Select Page

Federal agencies are rushing young adult dependent coverage interim final rules into effect without going through the usual comment period.

The Employee Benefits Security Administration, an arm of the U.S. Department of Labor, has posted a preliminary version of the interim final rules on its website.

The Internal Revenue Service, an arm of the U.S. Treasury Department, and the Office of Consumer Information and Insurance Oversight at the U.S. Department of Health and Human Services also worked on the rules.

The agencies are set to publish the final version of the interim rules in the Federal Register Thursday.

The rules implement a provision in the new federal Affordable Care Act — the legislative package that includes the Patient Protection and Affordable Care Act and the Health Care and Education Reconciliation Act — that requires insurers to let insured parents keep children on the parents’ health coverage until the children are 26.

The ACA young adult coverage provision is set to take effect Sept. 23, but most major carriers say they will implement the provision earlier.

Federal agencies normally provide time for members of the public to comment before implementing major regulations. The agencies are implementing the young adult coverage interim rules before the comments come in because the secretary of Labor, HHS and the Treasury “have determined that it would be impracticable and contrary to the public interest to delay putting the provisions in these interim final regulations in place,” officials write in a preamble to the interim rules. “Having a binding rule in effect is critical to ensuring that individuals entitled to the new protections being implemented have these protections uniformly applied.”

Officials are estimating that, in 2011, the program will lead to about 1.2 million young adults having new health coverage, and that about 650,000 of those young adults will be people who were previously uninsured.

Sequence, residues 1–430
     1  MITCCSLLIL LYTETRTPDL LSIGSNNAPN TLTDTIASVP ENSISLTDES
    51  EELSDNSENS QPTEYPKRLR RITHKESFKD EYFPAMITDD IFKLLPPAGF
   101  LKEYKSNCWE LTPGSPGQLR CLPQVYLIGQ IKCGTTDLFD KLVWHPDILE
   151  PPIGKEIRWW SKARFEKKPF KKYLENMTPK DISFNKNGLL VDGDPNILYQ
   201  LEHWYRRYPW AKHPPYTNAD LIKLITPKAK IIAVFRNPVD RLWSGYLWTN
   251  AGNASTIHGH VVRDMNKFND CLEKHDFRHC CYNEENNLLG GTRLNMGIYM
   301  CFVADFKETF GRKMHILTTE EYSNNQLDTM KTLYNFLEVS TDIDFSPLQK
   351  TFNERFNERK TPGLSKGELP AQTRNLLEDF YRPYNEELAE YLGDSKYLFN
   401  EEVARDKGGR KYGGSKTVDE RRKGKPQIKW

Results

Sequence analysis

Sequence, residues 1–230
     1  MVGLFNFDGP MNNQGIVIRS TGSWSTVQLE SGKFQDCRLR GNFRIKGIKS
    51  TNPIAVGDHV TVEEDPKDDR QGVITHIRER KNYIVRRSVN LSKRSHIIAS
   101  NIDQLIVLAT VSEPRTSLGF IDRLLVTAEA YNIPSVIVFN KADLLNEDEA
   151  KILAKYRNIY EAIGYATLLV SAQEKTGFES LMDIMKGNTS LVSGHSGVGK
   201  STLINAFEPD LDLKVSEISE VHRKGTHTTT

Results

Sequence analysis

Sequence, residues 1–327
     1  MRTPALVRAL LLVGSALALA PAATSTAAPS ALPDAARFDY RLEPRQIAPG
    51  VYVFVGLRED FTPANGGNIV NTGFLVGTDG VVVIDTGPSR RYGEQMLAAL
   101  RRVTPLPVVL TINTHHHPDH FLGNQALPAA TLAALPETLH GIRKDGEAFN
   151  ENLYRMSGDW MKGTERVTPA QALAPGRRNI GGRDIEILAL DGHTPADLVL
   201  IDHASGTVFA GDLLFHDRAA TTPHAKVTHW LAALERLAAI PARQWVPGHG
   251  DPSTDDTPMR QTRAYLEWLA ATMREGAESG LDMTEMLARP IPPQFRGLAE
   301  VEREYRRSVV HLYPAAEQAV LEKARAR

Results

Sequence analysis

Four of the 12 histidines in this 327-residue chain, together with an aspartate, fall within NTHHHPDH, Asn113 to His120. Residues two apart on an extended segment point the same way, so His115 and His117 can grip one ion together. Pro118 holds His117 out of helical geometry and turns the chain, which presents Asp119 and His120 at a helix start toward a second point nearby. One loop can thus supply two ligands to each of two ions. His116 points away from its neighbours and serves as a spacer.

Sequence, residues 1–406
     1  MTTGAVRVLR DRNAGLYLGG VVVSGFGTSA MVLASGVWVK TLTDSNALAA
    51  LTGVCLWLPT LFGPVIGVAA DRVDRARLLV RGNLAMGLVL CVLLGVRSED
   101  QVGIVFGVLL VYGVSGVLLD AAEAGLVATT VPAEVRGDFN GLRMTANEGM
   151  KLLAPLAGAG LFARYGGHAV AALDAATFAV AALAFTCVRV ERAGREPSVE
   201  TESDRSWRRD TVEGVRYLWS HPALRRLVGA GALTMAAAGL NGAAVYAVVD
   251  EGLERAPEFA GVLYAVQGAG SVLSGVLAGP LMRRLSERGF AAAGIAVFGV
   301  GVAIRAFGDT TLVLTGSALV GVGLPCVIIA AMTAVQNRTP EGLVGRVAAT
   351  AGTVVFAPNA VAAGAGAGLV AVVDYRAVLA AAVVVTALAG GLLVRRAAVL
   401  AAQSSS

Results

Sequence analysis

The number of uninsured young adults who gain coverage through the program in 2011 could range from 200,000 to about 1.6 million, officials estimate.

Although officials use the term “dependent” in connection with the regulation, group health plans can no longer use factors such as whether a child of an insured is a tax dependent in deciding whether to issue coverage to that child, officials write.

“Examples of factors that cannot be used for defining dependent for purposes of eligibility (or continued eligibility) include financial dependency on the participant or primary subscriber (or any other person), residency with the participant or primary subscriber (or any other person), student status, employment, eligibility for other coverage, or any combination of these,” officials write.

Implementing the young adult coverage program will require that the children who were denied coverage, or whose coverage ended, receive alerts about the new enrollment opportunity, officials write.

Federal agencies want to hear ideas about ways to minimize the burden on the notice senders and on the individuals who must fill out the notices, officials write.